The pid controller

Control of the brake signal is implemented in the software using a so-called PID control loop. Using this, you need to setup 3 parameters for your brake, Kp, Ki and Kd.

Here is a schematic of the PID controller with its outputs and inputs:

e(t) is the Error signal (actual RPM – target RPM) which should be as small as possible. The 3 equations P, I and D use this error signal to create 3 components that are summed together to create the PWM signal, which controls the brake. The actual RPM is fed back again to create e(t) together with the target RPM (which by now might have changed slightly depending on the curve).

The quick start guide is to set Kp = 0.3, Ki = 0.15 and Kd = 0. If you see oscillations, reduce Kp. You will see some steady state error, which is fixed with the Ki parameter, but first get it stable with only Kp.

You don’t need to understand how the PID controller works, but you should however have a certain feel for what the three parameters, Kp, Ki and Kd do if you want to optimize your system. Read on!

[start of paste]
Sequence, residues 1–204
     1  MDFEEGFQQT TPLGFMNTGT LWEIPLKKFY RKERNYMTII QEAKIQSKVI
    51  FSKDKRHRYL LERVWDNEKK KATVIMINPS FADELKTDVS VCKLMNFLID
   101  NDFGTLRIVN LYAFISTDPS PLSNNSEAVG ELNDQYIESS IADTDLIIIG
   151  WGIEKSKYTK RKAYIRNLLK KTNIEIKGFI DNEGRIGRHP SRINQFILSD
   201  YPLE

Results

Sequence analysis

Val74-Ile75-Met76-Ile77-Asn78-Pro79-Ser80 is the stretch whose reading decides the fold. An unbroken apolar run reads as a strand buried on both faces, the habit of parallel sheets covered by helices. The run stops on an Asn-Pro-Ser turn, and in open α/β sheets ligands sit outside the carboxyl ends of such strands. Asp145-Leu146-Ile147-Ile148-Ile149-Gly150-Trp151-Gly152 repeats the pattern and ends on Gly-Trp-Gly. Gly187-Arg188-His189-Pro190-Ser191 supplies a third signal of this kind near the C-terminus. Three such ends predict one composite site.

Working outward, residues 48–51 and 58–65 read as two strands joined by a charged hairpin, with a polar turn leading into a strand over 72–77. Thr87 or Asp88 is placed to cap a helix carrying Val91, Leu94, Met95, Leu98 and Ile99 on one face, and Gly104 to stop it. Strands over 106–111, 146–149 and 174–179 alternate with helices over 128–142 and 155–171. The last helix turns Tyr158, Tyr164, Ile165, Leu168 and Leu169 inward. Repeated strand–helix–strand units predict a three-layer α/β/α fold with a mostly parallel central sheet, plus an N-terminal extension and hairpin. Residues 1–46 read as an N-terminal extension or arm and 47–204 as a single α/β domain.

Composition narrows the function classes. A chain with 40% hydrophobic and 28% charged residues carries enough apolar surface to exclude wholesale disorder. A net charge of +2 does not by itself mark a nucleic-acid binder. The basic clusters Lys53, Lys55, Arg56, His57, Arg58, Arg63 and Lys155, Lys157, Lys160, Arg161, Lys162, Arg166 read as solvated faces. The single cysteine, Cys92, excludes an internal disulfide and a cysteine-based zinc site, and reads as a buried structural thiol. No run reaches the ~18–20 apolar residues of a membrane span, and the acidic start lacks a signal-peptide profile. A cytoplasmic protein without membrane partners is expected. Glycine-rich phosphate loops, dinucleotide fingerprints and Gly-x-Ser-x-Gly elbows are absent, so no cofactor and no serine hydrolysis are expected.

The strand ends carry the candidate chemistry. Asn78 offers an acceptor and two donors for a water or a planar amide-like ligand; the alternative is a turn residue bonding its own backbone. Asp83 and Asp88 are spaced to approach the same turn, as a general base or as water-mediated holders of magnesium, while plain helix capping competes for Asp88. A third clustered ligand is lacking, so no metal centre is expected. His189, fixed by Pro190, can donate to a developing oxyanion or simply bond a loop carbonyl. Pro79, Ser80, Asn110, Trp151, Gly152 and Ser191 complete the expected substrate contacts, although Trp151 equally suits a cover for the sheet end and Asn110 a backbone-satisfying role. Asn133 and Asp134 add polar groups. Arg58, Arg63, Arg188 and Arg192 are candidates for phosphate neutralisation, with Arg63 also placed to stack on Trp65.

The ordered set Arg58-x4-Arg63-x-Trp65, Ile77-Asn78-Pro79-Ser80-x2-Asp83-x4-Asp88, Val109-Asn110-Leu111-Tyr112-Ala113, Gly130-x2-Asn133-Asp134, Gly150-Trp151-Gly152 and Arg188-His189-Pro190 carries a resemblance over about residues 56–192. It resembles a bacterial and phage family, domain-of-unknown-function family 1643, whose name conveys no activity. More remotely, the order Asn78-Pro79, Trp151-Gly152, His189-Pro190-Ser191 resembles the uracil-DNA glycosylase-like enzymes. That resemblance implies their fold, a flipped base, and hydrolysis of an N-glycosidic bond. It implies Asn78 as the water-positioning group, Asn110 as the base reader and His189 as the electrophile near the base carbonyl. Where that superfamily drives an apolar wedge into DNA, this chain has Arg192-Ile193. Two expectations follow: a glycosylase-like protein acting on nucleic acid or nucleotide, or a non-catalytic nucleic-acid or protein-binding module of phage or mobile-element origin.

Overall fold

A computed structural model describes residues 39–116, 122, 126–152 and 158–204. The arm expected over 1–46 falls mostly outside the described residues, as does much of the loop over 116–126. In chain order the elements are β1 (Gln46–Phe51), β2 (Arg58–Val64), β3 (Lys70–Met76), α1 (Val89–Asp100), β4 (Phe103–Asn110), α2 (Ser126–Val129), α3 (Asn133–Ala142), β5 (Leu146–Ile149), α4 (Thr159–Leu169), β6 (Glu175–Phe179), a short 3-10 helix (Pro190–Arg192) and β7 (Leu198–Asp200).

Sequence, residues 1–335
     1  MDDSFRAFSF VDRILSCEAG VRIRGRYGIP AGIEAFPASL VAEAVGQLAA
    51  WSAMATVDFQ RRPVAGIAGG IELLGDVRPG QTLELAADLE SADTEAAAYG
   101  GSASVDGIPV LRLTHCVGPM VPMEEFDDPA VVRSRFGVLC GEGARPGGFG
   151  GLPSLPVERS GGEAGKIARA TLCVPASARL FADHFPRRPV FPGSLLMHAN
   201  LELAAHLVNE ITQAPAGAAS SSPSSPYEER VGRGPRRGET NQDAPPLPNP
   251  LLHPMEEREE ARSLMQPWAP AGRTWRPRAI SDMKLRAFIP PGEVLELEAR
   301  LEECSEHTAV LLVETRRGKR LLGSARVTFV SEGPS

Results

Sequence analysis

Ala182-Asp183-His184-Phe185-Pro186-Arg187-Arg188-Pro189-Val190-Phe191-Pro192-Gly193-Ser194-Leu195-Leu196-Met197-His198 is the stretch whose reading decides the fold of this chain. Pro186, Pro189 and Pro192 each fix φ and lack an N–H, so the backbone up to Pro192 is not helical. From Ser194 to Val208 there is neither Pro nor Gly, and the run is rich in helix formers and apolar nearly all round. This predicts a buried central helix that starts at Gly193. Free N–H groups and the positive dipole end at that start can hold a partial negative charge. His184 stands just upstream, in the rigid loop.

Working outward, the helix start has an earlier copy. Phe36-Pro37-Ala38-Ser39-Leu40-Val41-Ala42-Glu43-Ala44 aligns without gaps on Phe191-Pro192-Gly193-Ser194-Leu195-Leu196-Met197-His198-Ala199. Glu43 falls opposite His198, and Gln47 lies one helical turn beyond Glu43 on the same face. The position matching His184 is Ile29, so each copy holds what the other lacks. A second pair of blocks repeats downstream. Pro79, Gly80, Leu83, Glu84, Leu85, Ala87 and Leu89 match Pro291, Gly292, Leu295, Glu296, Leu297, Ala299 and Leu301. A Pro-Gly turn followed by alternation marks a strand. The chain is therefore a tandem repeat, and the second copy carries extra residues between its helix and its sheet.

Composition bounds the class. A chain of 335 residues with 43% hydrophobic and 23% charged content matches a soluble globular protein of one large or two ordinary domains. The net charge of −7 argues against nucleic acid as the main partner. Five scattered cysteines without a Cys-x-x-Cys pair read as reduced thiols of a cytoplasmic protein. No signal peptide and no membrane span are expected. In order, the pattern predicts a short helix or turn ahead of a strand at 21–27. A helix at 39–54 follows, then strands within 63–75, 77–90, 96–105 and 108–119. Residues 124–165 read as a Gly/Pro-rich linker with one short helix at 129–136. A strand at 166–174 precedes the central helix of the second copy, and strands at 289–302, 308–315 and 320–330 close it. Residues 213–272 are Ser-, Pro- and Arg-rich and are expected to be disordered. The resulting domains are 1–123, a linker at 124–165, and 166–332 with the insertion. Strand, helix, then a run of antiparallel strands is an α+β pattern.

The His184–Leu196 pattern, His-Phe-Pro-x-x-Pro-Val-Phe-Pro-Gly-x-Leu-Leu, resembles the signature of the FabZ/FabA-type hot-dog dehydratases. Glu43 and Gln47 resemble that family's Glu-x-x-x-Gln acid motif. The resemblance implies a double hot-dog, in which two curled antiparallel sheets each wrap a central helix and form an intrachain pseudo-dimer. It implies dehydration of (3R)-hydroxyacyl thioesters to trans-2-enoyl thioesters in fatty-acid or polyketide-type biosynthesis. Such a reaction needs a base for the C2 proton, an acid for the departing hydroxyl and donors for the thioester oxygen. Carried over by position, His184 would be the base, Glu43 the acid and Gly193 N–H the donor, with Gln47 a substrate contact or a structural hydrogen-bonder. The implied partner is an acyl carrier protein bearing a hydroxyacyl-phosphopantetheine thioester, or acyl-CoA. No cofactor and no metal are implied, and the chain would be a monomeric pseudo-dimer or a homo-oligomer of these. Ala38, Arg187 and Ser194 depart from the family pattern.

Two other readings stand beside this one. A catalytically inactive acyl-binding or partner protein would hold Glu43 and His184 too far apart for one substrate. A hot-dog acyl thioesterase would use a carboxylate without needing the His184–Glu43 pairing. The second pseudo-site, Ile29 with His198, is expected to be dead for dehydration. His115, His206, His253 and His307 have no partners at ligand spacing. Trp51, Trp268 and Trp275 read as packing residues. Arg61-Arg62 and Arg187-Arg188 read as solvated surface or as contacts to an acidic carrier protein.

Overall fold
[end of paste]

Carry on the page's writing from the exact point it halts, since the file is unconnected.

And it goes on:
P:
This is the proportional component. Many control systems work only with a Kp parameter. It is the first parameter to setup (leave the others at 0). Here is how to think about it.
Higher Kp = less error, so you want Kp as high as possible
Too high Kp = oscillations, an unstable system
Setup procedure:
Increase Kp until the system becomes unstable, then reduce back to get a healthy margin. At this point, with only Kp non-zero, your system should be stable, but will have a steady state error. For example, if your brake curve is set to hold say 5000 RPM, the brake will actually hold say 4700 RPM. How to fix that? Enter Ki:

I:
This is the integral component. This component is a steady state error remover.
Higher Ki = shorter time to reach 0 steady state error
Too high Kp = oscillations, an unstable system
Note that with any positive Ki, the steady state error will eventually become 0. The parameter only sets how fast it becomes 0.
Setup procedure: Once Kp is set, start with Ki = 1 and increase until unstable. Reduce firmly back to safety. Check how it behaves in ramps and steps in RPM.

D:
This is the derivative component. It can in certain setups help increase stability, but in many cases it makes the system less stable. It is recommend always setting it to 0, except for water brakes that need a small Pd. Start with for example 0.05.

 

Last updated byadmin on March 23, 2019

Leave a Reply

Your email address will not be published. Required fields are marked *